This issue is dedicated to Alfie Kohn, whose book, The Schools our Children Deserve, was the inspiration for the controversy we posed. Mr. Kohn wrote the prologue for the issue in which he reflects on the years since the publication of The Schools our Children Deserve and the need more than ever to be asking what kind of schools our children still deserve.
The issue is divided into three sections.
Section one is a series of articles written by distinguished scholars in response to the controversial scenario (see below) posed for the issue. Authors come at it from different perspectives and with different disciplinary tools, but together they form a vital chorus of important voices that look at “the education and schools our children deserve” from outside the dominant discourse that frames today’s political debates. Check out the interesting article on John Dewey by Mary Finn, entitled, "Dewey and an "Organizing Approach to Teaching."
Section two is an “In the News” section. Here we took a very controversial issue in the news, namely, the Arizona legislation to ban ethnic studies in the schools. Under the actual legislation that our readers can read in its entirety, we published an article from the director of the school district that was under attack. Augustine Romero tells his own story about the events that took place in Arizona’s Tucson Unified School District in his article, “The Hypocrisy of Racism: Arizona's Movement towards State-Sanctioned Apartheid.”
Section three is our attempt to give readers an idea of what a “school meant for children” would look like. This section embeds 23 videos of actual school classrooms in a multi-media article written by the head of the school, Susan Donnelly. The Educational Institute for Democratic renewal, that houses the Journal of Educational Controversy, has partnered with the school, the Whatcom Day Academy, as part of a network of schools started by John Goodlad called the National League of Democratic Schools.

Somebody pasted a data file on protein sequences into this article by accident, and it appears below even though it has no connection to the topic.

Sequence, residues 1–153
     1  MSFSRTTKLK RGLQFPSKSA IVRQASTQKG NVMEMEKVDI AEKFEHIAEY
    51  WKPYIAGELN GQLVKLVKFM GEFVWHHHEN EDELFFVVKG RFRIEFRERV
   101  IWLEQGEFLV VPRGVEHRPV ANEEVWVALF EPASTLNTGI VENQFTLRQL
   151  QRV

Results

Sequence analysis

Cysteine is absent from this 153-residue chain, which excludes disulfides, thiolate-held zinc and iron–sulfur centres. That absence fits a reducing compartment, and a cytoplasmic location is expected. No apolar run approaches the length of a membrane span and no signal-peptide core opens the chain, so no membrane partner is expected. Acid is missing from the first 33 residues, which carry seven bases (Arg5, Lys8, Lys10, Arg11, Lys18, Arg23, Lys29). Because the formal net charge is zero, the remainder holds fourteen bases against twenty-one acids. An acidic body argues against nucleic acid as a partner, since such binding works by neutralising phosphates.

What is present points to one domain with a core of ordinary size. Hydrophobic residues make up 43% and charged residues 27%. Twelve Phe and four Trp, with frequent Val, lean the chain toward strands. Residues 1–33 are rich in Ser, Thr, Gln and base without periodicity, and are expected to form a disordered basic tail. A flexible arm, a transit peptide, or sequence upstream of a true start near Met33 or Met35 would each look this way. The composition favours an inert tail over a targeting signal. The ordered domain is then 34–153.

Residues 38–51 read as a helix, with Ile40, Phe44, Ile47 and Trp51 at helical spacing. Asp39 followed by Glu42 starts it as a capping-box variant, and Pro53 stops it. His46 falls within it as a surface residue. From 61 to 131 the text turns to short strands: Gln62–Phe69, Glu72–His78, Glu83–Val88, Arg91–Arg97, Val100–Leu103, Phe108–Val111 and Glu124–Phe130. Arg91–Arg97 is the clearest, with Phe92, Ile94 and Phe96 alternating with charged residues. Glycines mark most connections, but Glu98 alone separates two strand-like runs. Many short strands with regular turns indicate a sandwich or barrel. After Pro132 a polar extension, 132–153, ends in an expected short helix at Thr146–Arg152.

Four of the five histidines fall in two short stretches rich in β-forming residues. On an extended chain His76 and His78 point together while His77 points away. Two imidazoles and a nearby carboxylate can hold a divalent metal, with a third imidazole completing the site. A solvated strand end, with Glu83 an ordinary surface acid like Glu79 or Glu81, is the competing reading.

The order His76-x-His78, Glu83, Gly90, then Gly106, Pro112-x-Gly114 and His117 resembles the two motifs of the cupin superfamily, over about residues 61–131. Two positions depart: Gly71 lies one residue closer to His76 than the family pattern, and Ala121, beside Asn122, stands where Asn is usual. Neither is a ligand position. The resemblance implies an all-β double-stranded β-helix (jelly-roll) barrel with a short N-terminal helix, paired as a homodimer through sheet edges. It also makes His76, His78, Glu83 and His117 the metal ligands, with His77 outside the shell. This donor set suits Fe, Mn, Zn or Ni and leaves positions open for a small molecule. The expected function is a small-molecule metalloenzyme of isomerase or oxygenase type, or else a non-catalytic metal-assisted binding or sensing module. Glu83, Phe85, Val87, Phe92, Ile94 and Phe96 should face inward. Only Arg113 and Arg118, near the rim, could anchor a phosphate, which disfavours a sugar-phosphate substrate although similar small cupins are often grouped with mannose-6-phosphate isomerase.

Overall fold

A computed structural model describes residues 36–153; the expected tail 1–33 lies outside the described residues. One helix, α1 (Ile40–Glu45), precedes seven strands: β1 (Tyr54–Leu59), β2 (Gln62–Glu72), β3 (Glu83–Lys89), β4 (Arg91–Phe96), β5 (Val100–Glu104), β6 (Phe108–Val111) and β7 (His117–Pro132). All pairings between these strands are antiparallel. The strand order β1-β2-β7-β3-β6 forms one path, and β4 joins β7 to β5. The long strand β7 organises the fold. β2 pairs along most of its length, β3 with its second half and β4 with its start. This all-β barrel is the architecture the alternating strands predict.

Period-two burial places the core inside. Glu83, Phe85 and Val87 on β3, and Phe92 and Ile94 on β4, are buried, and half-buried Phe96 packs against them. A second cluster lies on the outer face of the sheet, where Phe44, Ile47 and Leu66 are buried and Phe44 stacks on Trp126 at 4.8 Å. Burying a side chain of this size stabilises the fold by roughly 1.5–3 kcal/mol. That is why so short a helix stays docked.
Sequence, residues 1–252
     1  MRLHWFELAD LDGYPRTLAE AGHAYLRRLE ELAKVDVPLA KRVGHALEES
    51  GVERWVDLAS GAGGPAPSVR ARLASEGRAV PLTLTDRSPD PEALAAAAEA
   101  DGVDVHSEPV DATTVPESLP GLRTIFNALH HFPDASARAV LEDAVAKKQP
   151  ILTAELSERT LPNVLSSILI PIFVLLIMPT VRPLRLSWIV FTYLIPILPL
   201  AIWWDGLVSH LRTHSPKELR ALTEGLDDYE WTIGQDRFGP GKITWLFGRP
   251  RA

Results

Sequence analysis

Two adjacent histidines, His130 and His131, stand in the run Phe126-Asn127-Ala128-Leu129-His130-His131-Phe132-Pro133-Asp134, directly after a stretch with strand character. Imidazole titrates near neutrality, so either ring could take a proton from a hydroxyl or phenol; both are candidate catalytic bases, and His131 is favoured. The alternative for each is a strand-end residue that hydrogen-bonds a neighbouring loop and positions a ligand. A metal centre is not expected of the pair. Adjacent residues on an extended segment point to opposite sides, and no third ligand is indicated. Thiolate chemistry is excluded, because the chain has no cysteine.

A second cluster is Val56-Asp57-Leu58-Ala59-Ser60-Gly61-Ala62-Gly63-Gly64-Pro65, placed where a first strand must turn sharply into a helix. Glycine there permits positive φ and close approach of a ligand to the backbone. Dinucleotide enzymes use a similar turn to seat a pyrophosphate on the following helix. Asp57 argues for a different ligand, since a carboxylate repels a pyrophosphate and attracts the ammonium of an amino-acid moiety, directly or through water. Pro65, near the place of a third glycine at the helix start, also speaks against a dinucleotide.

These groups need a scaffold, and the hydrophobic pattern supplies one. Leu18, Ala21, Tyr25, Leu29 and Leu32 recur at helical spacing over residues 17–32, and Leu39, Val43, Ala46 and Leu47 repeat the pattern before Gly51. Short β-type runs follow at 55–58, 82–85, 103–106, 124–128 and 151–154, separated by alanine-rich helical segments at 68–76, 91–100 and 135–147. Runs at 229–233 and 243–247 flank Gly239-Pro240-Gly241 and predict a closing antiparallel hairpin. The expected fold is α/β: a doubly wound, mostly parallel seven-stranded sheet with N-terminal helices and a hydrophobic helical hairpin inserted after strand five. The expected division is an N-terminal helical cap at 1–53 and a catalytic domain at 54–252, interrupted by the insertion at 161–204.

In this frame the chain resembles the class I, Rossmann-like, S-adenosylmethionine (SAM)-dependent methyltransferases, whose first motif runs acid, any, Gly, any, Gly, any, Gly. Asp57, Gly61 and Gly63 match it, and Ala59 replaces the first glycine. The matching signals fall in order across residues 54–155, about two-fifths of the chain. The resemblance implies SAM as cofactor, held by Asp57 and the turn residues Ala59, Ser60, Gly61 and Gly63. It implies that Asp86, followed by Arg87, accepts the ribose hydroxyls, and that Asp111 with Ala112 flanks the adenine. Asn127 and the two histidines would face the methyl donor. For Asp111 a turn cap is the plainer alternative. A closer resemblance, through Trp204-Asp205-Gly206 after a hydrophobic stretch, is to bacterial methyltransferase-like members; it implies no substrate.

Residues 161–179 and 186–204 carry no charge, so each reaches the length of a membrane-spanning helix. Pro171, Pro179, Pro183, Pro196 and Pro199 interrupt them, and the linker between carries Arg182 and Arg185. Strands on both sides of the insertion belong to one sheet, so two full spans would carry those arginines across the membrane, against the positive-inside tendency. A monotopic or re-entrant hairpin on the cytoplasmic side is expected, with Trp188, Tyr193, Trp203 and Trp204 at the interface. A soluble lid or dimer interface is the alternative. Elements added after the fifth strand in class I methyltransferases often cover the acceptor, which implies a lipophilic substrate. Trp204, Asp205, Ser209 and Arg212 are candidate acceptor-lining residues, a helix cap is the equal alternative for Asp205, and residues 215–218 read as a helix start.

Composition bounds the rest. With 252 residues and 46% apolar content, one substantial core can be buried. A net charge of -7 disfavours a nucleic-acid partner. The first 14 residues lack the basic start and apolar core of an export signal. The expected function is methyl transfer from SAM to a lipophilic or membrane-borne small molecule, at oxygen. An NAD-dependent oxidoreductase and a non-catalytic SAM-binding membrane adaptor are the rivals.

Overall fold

The controversy addressed in the issue is:
The politicizing of education at the national level has centered on issues of standards, accountability, global competitiveness, national economic growth, low student achievement on worldwide norms, and federally mandated uniformity. There has been little discussion of the public purposes of our schools or what kind of education is necessary for an individual’s development and search for a meaningful life. There is a paucity of ideas being discussed at the national level around topics such as: how school practices can be aligned with democratic principles of equity and justice; how school practices can promote the flourishing of individual development as well as academic achievement; what skills and understandings are needed for citizens to play a transformative role in their society. Without conversation at this deeper level about the fundamental purposes of education, we cannot develop a comprehensive vision of the kinds of schools our children deserve. We invite authors to contribute their conceptions of the kind of education our children deserve and/or the kinds of schools that serve the needs of individuals and of a democratic society.The Journal of Educational Controversy is expanding its pool of reviewers. For consideration, e-mail a letter of interest and vita to firstname.lastname@example.org